Webster University’s enrollment has dropped for the sixth year in a row. According to the university’s 2016 Annual Audited Financials and Operating Data document, Webster’s total headcount dropped by 1,543, or eight percent, this year.
According to the audit, graduate enrollment dropped by 1,320 students, from 12,751 in 2015 to 11,431. Undergraduate enrollment decreased by 223 students, from 4,630 in 2015 to 4,407. The decline in graduate and undergraduate enrollment this year was not as large as the decline from 2014 to 2015.
Last year, The Journal reported graduate and undergraduate enrollment dropped by 9.5 percent and 6.2 percent respectively between academic year (AY) 2014 and AY 2015. Graduate enrollment fell by 1,348 students, and undergraduate enrollment dropped by 305 students that year.
The Journal requested comment on the enrollment decline from the university, but did not receive a response by press time. The Journal will update this story with a university response when it is available.
Since 2011, total graduate enrollment has decreased by 4,162, a steady downward trend year-by-year. Undergraduate enrollment has dropped by 539, but has varied in spikes and drops in enrollment.
Webster’s total headcount has steadily decreased each year since 2011, when the university’s total student headcount tallied 20,989 students. Currently, according to the university, there are a total of 15,838 students, a total loss of 5,151.
Currently, full-time students make up 58 percent of Webster’s total student headcount. Full-time enrollment at Webster has decreased with the undergraduate and graduate headcount. Since 2011, full-time enrollment has dropped by roughly 23 percent.
In 2016, 37 percent of students who were accepted to Webster ultimately enrolled at the university. Out of 2,630 students who applied, 1,225 were accepted and 456 actually enrolled.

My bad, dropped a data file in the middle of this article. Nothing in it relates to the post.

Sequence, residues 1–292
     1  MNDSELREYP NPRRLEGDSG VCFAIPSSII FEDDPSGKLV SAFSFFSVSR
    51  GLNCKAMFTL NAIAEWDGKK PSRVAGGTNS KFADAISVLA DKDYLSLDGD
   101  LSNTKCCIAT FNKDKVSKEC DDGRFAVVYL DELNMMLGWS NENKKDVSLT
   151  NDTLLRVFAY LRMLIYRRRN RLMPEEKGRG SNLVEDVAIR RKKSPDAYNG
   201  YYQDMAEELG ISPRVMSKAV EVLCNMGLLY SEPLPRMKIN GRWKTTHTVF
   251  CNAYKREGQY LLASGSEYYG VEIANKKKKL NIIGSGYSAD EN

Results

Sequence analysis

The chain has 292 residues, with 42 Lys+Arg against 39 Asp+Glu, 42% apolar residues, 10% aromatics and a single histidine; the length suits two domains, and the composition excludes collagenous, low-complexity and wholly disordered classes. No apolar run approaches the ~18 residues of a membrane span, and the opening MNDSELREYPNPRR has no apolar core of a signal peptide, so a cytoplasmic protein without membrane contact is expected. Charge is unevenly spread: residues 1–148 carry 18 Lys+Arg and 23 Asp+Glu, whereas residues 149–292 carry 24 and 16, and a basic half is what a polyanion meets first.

According to the audit’s full-time faculty report, the number of tenured faculty raised from 58 faculty members to 73, while probationary faculty dropped from 46 to 39.
Webster Provost Julian Schuster said more undergraduate students enrolled this year than the university budgeted for, while some segments of graduate enrollment, such as military and online enrollment, also remain strong.
“Undergraduate is on budget or slightly up, and graduate is on budget or maybe a little bit down,” Schuster said in October.
In 2012, Webster aimed to increase undergraduate enrollment to 5,000 students by 2020 through its master plan. To reach that goal, undergraduate enrollment would have needed to increase by two percent each year until 2020.
Schuster said Webster’s administration has an open and constructive dialogue with students and faculty about enrollment and will continue adapting its vision to a changing environment.
“Webster University will always pride itself on being nimble and entrepreneurial. It is deeply ingrained in Webster University’s ethos,” Schuster said.
In a December 2015 article of The Journal, School of Communications faculty member Joe Schuster said Webster should focus on cultivating the strong programs that already exist at the university.
“The answers can’t always be to build something new,” Joe Schuster said. “Developing new programs is always important, but it can’t be the only thing we do.”
In the same article, then Faculty Senate President Williams said balance is needed for new and old programs.
“I don’t see it as an either/or situation. If you look at the history of higher education, there are certain things that have been seen as constant,” Williams said. “There are other things that clearly change, like computer science, film and graphic design.”
According to a November article in the Washington Post, college enrollment numbers in the United States have fallen steadily since 2008. Reportedly, enrollment rates for all income levels have decreased in that time.
At a 2016 Faculty Assembly meeting, Julian Schuster said 75 percent of Webster’s tuition revenue comes from graduate enrollment, while 25 percent is made up by undergraduate enrollment. He said 95 percent of Webster’s total revenue is made up of tuition dollars.
The Journal acquired Webster’s 2016 Enrollment figures through its Annual Audited Financials and Operating Data document, which is made publicly available on the Electronic Municipal Market Access (EMMA) website. The site allows investors to look at financial filings and keep track of significant developments in their holdings. Webster uploaded the document on Nov. 11.